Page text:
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Giants Special Teams Coordinator Thomas McGaughey on What's Next for Returner Plans

Season-ending injuries have now cost the Giants kickoff returner C.J. Board and punt returner Jabrill Peppers. Who are some of the names the team is looking at for these essential roles?

The injury bug currently ripping through the Giants has shown little mercy, costing the Giants 96 man-games lost, making New York the third-most injured team behind the Titans (109) and Ravens (103) in terms of man-games lost.

While offensive coordinator Jason Garrett and defensive coordinator Patrick Graham have scrambled to adjust to injuries, special teams coordinator Thomas McGaughey has had to get involved with making adjustments to his units as well.

Wide receiver C.J. Board, the Giants’ primary kickoff and punt returner at the start of the season, broke his leg in the Giants’ Week 5 loss to the Dallas Cowboys, effectively ending his 2021 campaign. Board had accumulated 327 yards on kickoff returns before the injury, with his longest going for 38 yards.

Then in last Sunday’s 25-3 win over the Carolina Panthers, safety and punt returner Jabrill Peppers ruptured his Achilles in his right knee and was sent to the IR list on Tuesday for the remainder of the season.

Peppers hasn’t been as effective as Board at the return game this season--having just nine returns for 58 yards--but his absence also leaves a gaping hole in both the Giants defensive secondary as well as in the return game.

Filling the returner roles falls to special teams coordinator Thomas McGaughey, who on Thursday indicated that the team could see a revolving door approach starting this week when the Giants visit the Kansas City Chiefs (3-4) at Arrowhead Stadium Monday night.

“The guys that have played in the game," McGaughey said when asked who were the next men up. "We’ve got (Wide Receiver) Dante (Pettis), we’ve got (Cornerback) Darnay (Holmes), (Wide Receiver) John Ross, we’ve got some guys. We’re not completely dead yet.”

McGaughey indicated that Ross, the former Cincinnati Bengal known for his elusive speed in the open field, will take charge of the kickoff returns. The punt returner's identity is a little less clear, as McGaughey said they would jog out whomever they feel can make the big plays.

“It could be Dante, it could be Darnay. We’ve got a couple guys, so we’ve got some options back there and we’re going to keep working," he said. "Depends on how (Wide Receiver Kadarius Toney) KT is with his health. He can definitely be back there. Whoever is up, we’ll block for them and we’re going to try to make a play.”

During his time at the University of Washington, Pettis had nine career returns for touchdowns, making him one of the top return specialists in the country and the NCAA record holder at the time for most career returns for scores.

At the NFL level, which includes two seasons with the 49ers, Pettis has returned eleven punts for 41 yards and one kickoff for 18 yards. His first kickoff return as a Giant came Sunday, but he halted at the point of the catch for no gain.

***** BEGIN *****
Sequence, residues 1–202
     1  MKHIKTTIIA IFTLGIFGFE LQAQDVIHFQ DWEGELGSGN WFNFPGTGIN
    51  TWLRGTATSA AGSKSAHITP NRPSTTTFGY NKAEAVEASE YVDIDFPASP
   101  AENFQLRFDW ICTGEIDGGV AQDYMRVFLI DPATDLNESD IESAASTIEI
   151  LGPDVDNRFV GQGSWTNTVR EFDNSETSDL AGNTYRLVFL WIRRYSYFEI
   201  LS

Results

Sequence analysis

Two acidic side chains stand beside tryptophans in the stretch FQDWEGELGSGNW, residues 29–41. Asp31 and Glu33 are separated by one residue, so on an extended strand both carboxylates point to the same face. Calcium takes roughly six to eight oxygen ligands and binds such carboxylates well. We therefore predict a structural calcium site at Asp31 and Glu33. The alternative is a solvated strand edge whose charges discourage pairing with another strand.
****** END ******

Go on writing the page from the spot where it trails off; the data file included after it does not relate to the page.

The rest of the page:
Darnay Holmes, the second-year defensive back out of UCLA, got a chance at kickoff returns in the win over the Panthers. In that game, he had three returns for 56 yards.

Another player whose name has come up as a possible solution is rookie first-round pick Kadarius Toney. However, with Toney currently nursing an ankle injury after showing how valuable he can be on offense, there was some question whether deploying the receiver as a kickoff returner was a good move.

McGaughey quickly quelled the questions by reminding them that the game of football is about taking risks in the pursuit of wins.

“You take a risk when you step out in between those white lines,” he said. “They pay you to play football. They don’t say, ‘Okay, you can only play this part, but you can’t play that part.’ It’s a game. You get paid to play the game. We’re trying to win games and we’re going to play the best players.

“Thing about it is, in this game, you don’t know when the game changing play is going to happen, and you don’t know who is going to make it. The game doesn’t care who makes the play; we do. We just want to make sure that we’ve got guys in the game that can play, regardless of quote unquote, injuries or whatever. We’re trying to win games. Whatever we’ve got to do to win a game, we’ll do what we’ve got to do to win a game.”

The major point of concern with the Giants has quickly become injuries--and reaggravating them--in relation to the coaching decisions Joe Judge and his staff make on and off the field. Still, the team’s approach to player safety and development will remain balanced with special teams adjustments.

McGaughey believes that when healthy, Toney is a Tyreek Hill-like threat with his elusiveness and speedy running ability, two qualities the Giants must take advantage of. 

Toney would benefit immensely from live game reps, ensuring that his talents transition from college to the pro game successfully.

“As a special teams coach, obviously, you want things to happen. You want to play certain guys, but you’ve also got to manage a roster, too. You’ve got to be smart in how you do it,” McGaughey said.

“Once you start getting the game reps, it’s one thing to come out here and do it and catch balls off the JUGS and catch balls from (Punter) Riley (Dixon) in practice. It’s a whole other different thing to get in the game and see that ball under the lights, see it turn over and then be able to just let your natural instincts kick in. I think once he starts to get game reps at it, it’ll be different."

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